Open main menu

In baseball, run differential is a cumulative team statistic that combines offensive and defensive scoring. Run differential is calculated by subtracting runs allowed from runs scored. The run differential is positive if a team scores more runs than it allows, while it is negative if a team allows more runs than it scores.

Run differential can be used to predict the expected win total for a team, via a formula devised by Bill James, the Pythagorean expectation.


The best run differential in an MLB season is +411, set by the 1939 New York Yankees, who scored 967 runs and allowed 556 runs.[1] The worst run differential was by the 1899 Cleveland Spiders at -723 (529 runs scored, 1252 runs allowed).[2] The highest run differential in a single game in major league history is 29, when the Chicago Colts (now the Cubs) beat the Louisville Colonels 36–7 on June 29, 1897,[3] and the record in baseball's modern era (since 1900) is 27, when the Texas Rangers beat the Baltimore Orioles 30–3 on August 22, 2007.[4][5] The biggest run differential in a shutout is 22, when the Cleveland Indians defeated the New York Yankees 22–0 on August 31, 2004.[6][7]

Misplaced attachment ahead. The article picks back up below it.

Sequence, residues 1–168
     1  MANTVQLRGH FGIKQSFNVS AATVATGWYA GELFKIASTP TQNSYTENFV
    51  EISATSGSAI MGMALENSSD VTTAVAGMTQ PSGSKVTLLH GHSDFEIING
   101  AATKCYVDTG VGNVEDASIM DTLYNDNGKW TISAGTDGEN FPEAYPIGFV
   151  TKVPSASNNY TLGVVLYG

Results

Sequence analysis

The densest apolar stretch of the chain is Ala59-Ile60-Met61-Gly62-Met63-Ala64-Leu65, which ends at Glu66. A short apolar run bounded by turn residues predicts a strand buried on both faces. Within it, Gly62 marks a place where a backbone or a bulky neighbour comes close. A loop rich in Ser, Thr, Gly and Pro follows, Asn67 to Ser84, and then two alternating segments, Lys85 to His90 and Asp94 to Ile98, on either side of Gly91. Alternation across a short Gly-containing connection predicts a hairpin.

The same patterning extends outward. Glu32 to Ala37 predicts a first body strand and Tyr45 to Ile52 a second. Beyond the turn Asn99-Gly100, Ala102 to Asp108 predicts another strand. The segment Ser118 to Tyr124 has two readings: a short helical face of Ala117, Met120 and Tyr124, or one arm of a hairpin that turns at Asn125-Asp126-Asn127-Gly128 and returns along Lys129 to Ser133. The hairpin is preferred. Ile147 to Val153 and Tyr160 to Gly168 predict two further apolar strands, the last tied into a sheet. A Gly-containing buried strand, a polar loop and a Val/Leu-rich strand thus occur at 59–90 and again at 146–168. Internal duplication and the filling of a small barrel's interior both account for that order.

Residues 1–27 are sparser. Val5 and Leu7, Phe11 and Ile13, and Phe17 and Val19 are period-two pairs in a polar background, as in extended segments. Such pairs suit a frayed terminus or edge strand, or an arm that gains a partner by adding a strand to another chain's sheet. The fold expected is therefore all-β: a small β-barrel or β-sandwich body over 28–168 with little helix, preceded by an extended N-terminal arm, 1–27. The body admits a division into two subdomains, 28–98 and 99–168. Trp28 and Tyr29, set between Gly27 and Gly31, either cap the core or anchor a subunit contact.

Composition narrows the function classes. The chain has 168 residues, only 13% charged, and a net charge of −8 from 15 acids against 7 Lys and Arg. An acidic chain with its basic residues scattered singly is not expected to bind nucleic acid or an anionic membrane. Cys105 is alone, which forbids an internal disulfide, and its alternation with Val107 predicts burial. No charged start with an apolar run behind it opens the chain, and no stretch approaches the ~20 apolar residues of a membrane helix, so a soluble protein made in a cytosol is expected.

1. ^ "The Chicago Cubs are putting together the most dominant season in MLB history". Fox Sports. June 7, 2016.
  2. ^ Jazayerli, Rany (November 3, 2015). "The BP Wayback Machine: Dayton Moore's First Week".
  3. ^ "Events of Tuesday, June 29, 1897". Retrosheet. Retrieved April 18, 2019.
  4. ^ Mintz, Jake (August 1, 2018). "These games were the most one-sided matchups in MLB history".
  5. ^ "Texas Rangers 30, Baltimore Orioles 3 (1)". Retrosheet. August 22, 2007. Retrieved April 18, 2019.
  6. ^ "5 Biggest Winning Margins In MLB History". July 18, 2014 – via Excite.
  7. ^ "Cleveland Indians 22, New York Yankees 0". Retrosheet. August 31, 2004. Retrieved April 18, 2019.

Further readingEdit

External linksEdit